A recent New University commentary accused Chancellor Drake of being “reclusive and unresponsive to students, workers and faculty.” In my experience as a student and ASUCI President, this has not been my experience to date.
I would agree that the lottery system creates the appearance of inaccessibility because it appears as though the odds against getting a meeting are extraordinarily high. However, though Chancellor Drake is not able to meet individually with all of the students on this campus, he is still intimately aware of our needs and interacts with students on a regular basis.
Just last week Chancellor Drake had 20 students over at his house for dinner and he regularly visits different student functions like the Administrative Intern class, Greek Awards, the annual Powwow and the Olive Tree Initiative. There are regular monthly meetings for Chancellor Drake to meet with elected student government officials and he meets one on one with the ASUCI and AGS presidents at least once a quarter or as needed. For a person with such tremendous responsibility, I think this shows a sincere effort to be accessible to students.
There is also a common misperception that the chancellor, as the head of this university, is the best person to solve students’ problems. I would argue that the person at the top of any major university should spend a majority of his time working with their executive team, with special attention paid to student leaders as time permits. The chancellor is responsible for providing oversight to the university’s business services, academic programs, budget, research and advancement in addition to student affairs. While the power of the chancellorship has a certain allure, it is important for the chancellor to preserve the decision-making power of his team and it is usually more effective to work with an administrator who specializes in the issue you are working on. In my first term as ASUCI President, I never once found it necessary to go straight to the Chancellor on an issue. Normally, I would start by working with the director of a unit like housing or dining and then work my way up to a vice chancellor. So students who have a concern should consider which administrator is best suited to help them before they seek out Chancellor Drake.
Finally, students need to remember that they have representatives who are responsible for advocating to the chancellor on students’ behalf. The ASUCI and AGS presidents have direct access to the chancellor and can get a meeting whenever they need to. If students have issues that they are concerned about, they should first seek out their elected student leaders. The presidents have extensive knowledge of campus politics so they can often advocate more effectively than the average student. We are more than happy to champion any issue at the highest levels of the administration.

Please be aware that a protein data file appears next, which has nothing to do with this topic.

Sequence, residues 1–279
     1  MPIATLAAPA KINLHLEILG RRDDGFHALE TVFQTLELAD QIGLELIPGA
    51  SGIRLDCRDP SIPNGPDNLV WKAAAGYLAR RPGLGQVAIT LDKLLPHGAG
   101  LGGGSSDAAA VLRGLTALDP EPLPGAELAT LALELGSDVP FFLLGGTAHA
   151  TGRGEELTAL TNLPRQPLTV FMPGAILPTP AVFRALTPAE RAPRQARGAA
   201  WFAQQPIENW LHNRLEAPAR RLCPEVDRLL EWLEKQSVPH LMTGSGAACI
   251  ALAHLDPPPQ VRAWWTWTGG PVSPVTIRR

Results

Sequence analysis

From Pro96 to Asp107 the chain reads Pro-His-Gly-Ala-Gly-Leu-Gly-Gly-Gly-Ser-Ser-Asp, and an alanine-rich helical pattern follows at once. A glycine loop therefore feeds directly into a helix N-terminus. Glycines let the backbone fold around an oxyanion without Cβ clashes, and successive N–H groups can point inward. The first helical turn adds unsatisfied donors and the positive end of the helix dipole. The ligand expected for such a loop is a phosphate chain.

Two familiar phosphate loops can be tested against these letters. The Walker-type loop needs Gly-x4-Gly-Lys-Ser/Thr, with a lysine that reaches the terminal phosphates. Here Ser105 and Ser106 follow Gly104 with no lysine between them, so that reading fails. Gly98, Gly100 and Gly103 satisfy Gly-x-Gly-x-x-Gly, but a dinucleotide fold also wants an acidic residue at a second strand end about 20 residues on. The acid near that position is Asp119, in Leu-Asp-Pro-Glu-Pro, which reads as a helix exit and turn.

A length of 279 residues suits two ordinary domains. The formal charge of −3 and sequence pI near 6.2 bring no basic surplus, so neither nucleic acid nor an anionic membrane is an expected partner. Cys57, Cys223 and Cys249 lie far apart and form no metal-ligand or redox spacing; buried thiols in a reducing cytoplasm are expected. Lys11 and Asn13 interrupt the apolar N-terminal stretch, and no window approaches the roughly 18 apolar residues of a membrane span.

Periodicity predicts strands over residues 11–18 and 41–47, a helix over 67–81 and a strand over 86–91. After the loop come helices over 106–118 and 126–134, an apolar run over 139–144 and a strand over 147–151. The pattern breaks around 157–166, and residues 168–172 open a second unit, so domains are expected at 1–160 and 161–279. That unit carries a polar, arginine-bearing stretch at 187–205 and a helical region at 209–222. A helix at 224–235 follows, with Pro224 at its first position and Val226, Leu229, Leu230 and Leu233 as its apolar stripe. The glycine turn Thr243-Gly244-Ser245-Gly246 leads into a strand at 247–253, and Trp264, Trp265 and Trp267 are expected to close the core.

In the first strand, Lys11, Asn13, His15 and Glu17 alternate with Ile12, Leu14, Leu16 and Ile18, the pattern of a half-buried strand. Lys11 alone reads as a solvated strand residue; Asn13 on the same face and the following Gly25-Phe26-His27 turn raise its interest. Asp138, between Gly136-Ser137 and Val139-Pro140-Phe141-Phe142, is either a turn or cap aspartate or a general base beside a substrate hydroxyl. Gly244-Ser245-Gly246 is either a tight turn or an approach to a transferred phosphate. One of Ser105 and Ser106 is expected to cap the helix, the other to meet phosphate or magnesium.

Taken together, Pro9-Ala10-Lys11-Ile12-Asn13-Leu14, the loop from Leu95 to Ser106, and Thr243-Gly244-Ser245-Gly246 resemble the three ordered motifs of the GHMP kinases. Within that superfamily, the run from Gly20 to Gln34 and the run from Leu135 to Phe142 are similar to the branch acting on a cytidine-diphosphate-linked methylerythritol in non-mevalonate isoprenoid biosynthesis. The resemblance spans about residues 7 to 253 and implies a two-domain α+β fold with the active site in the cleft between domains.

Students do have a forum for voicing their concerns to Chancellor Drake, whether it is through office hours or the student government. I would argue that the entire UCI administration is committed to promoting this university, and I want to know if any student has not received satisfactory service from a school official. The chancellor takes the needs of all students very seriously. Whether it be discussing the potential increases in student fees, arguing that faculty should not be taking furloughs on instructional days when students are entitled to learn or considering changes in the campus smoking policy, Chancellor Drake is actively engaged in all areas of student life. Students may not always agree with all his decisions, including the decision to do office hours by lottery, and that’s okay. But I argue that students should be standing in solidarity with our chancellor during a very challenging time and appreciating his commitment to the undergraduate experience.
Megan Braun is fifth-year history and philosophy double-major. She is president of ASUCI.